Digital services are a market that evolves very quickly. All kinds of innovations and services tailored to one or another industry are commonplace, but in the past, the connectivity costs made them difficult to deploy globally without support from a global operator of some kind. Now it is possible for parties to genuinely own their whole network, increase capacity as required and have complete security over the carriage of their data. A worldwide in-house LAN.
In simple terms, almost anyone who would like a fibre pair (or two) but had to go through intermediaries to obtain affordable capacity can now do so on their own be they a country, a global ISP, a member of the exclusive “Big Data” club.
Buy Your Own “Virtual Cable”
For the first time, it is no longer prohibitively expensive to buy what is in effect your own tailor-made private subsea cable. Something which can be plugged into your existing network, running to your own demands without the need to outsource that last missing piece. I would speculate that this brings fibre pair ownership within easy reach of the major international banks and other global financial services companies, major airlines, global energy companies or entertainment content providers/sporting event rights holders. Markets where major corporations traditionally had to go to carriers or similar to provide their global network services. Additionally, data centre titans like Equinix or carrier-neutral platform providers like DE-CIX or India’s Lightstorm would seem to be ideal customers for open access fibre pairs giving them more control and more capacity.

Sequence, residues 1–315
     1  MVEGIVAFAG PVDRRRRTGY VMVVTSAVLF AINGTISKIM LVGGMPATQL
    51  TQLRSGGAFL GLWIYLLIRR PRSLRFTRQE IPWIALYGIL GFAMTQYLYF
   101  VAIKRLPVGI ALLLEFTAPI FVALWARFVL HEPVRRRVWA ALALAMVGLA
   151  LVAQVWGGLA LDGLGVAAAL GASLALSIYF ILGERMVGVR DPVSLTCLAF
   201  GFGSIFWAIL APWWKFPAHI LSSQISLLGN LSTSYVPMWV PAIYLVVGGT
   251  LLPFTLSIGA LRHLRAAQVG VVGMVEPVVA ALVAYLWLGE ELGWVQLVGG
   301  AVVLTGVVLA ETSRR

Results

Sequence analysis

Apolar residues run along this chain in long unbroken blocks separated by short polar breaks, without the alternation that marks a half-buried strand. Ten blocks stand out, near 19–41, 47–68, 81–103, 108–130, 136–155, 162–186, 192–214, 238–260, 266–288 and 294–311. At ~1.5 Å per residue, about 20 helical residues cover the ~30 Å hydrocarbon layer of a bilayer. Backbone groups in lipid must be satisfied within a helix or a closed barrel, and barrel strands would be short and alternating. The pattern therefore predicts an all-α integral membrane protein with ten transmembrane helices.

Because of the ever-evolving nature of communications, it is reasonable to speculate that there are other digital services companies still ‘under the radar’ that need large amounts of capacity and low latency. Discrete fibre pair ownership will facilitate newer enterprises make that big step from dependency to independence for digital transport more easily than in the past and allowing them to access economies of scale once denied to market entrants.
It is a similar issue for countries, especially smaller ones, getting capacity on the scale 2Africa can deliver would have been completely prohibitive for some of the states on this route with conventional systems. Another attraction is knowing exactly where your data is going, or more accurately, not going. Competition and suspicion between countries is a historical inevitability and is not going away anytime soon.
- SDM makes large scale capacity much more affordable;
- SDM will allow much more connectivity to the major nodes of the global network from the developing world as smaller nations can afford such large-scale connectivity
- SDM will change the market dynamics between the major nodes allowing new market entrants, for whom long haul data transport is not their major business, to economically up- gauge their own networks.